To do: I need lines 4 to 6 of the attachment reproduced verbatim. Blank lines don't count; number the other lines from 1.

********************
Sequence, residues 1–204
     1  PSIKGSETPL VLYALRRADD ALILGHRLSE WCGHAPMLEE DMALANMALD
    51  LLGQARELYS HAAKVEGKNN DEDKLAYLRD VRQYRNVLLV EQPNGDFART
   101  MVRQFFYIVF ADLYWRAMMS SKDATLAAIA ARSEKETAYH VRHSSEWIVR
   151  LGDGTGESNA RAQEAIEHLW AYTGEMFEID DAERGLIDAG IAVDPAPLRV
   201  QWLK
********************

   101  MVRQFFYIVF ADLYWRAMMS SKDATLAAIA ARSEKETAYH VRHSSEWIVR
   151  LGDGTGESNA RAQEAIEHLW AYTGEMFEID DAERGLIDAG IAVDPAPLRV
   201  QWLK